For readers who are not looking for jobs at the moment, be thankful, and please pardon the posting of job hunting tips two days in a row. It just seems a bit relevant at the moment. Today’s post is directed largely at the over 50 crowd (or over 40, or whatever age you have to be to start worrying about your age, ‘er being “overqualified” being an issue.)
Before proceeding, here’s a shout out to Michelle Goodman, who recently wrote a really good piece on this same topic for ABC News.
From an employer’s standpoint there is no such thing as “overqualified.” Under qualified yes… mis-qualified perhaps… once qualified, sure – but not overqualified. I’ve never heard anyone complain that their doctor, airline pilot, plumber, teacher, or lover had too much talent or experience.
As an HR executive during the high growth years of FedEx, and ADP, I was responsible for the hiring of perhaps 70,000 employees. We worried a lot about things like:
- whether or not we’d be able to keep people whose skills might not be fully utilized right away
- whether or not someone had done something for so long that they would be unable or unwilling to try different approaches
- if an exceptionally well qualified candidate would become bored
- whether or not those credentials would cost us more, and if not, why not?
I can assure you though, I never once worried, and the companies we work with today don’t spend one nanosecond worrying about people bringing too much talent to the game. The question is, is that talent fresh – is it relevant to the tasks at hand? And, perhaps more importantly, what kind of attitude do they bring to the game?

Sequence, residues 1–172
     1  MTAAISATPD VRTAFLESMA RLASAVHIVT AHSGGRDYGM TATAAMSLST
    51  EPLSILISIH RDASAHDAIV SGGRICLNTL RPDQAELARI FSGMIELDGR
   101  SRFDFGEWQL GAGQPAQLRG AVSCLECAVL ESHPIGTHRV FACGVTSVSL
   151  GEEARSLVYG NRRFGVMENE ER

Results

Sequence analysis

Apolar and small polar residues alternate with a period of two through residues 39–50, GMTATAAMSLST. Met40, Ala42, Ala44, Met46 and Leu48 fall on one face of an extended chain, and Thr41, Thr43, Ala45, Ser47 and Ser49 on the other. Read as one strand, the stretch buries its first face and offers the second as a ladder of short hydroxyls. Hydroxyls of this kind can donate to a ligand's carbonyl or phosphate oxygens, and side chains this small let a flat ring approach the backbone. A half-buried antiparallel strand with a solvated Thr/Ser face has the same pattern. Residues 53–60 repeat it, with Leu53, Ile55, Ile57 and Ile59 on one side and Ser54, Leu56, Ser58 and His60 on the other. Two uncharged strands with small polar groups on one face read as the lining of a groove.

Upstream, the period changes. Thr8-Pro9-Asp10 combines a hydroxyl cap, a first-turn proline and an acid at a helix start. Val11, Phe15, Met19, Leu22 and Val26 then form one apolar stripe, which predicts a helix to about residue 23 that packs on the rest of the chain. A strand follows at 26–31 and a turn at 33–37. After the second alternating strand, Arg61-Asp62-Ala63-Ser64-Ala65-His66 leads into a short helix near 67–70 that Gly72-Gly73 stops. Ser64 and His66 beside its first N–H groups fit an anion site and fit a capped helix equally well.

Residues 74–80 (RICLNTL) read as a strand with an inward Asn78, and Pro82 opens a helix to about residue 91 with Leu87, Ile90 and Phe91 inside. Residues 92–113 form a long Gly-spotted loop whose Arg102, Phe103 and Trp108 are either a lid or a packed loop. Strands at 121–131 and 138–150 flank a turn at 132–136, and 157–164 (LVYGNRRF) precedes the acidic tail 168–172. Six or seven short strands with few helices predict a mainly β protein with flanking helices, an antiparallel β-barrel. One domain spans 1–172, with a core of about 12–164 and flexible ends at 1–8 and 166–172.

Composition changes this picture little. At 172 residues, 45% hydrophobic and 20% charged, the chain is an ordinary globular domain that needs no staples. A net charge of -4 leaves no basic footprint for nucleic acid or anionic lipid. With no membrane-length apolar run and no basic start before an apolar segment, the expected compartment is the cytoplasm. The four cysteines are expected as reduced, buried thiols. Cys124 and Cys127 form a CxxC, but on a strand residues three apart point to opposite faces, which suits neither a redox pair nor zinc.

What hiring managers do mind is someone who has been around the block a few times and doesn’t want to listen or learn new stuff. To be sure, a lot of managers are intimidated just a bit by the prospect of hiring somebody who may be older, smarter, more experienced, or all of those things.
That said, a lot of people are in fact told by prospective employers that they are “overqualified.” Put bluntly, that’s code for “I’m not going to hire you, and I want a short, polite, non-confrontational, legally defensible explanation for it.”
And yes, there’s a bit of a dark side to this. The odds of folks over 45 years of age (like me) hearing the “O’ word are a lot greater than my 34 year old son hearing it. What is said is “overqualified” but what is sometimes meant is another word that starts with “O” – old. That may have something to do the significant increase in age discrimination complaints filed with the EEOC in the last decade. Can you as an individual change that? No. But here’s what you can do.
1. You can make darned sure that you don’t waste one precious minute of your life getting bitter about it. You didn’t get to this ripe ‘uh age still believing that life was always fair, so get over it. Besides, you’ve got better things to do, like conducting a job search, which, by the way is about as close to a full time job as any.
2. The 1st place to invest your time and energy is in doing a targeted job search. We are in corporate classrooms just about every week, training managers to hire those people (and only those people) whose temperament, preferences, and values will allow them to be happy, productive and successful working for a given organization. You need to do the same by identifying those companies (and even individual managers) with whom you will be successful. One of the major tenets of our work is that just as people have reputations, companies have a reputation as a place to work. The more successful businesses and even individual managers have figured out that their reputation as an employer matters, a lot. If I’m on a job search, those are the businesses I should be targeting. Sites like GreatPlaceJobs.com can be a good place to begin your search.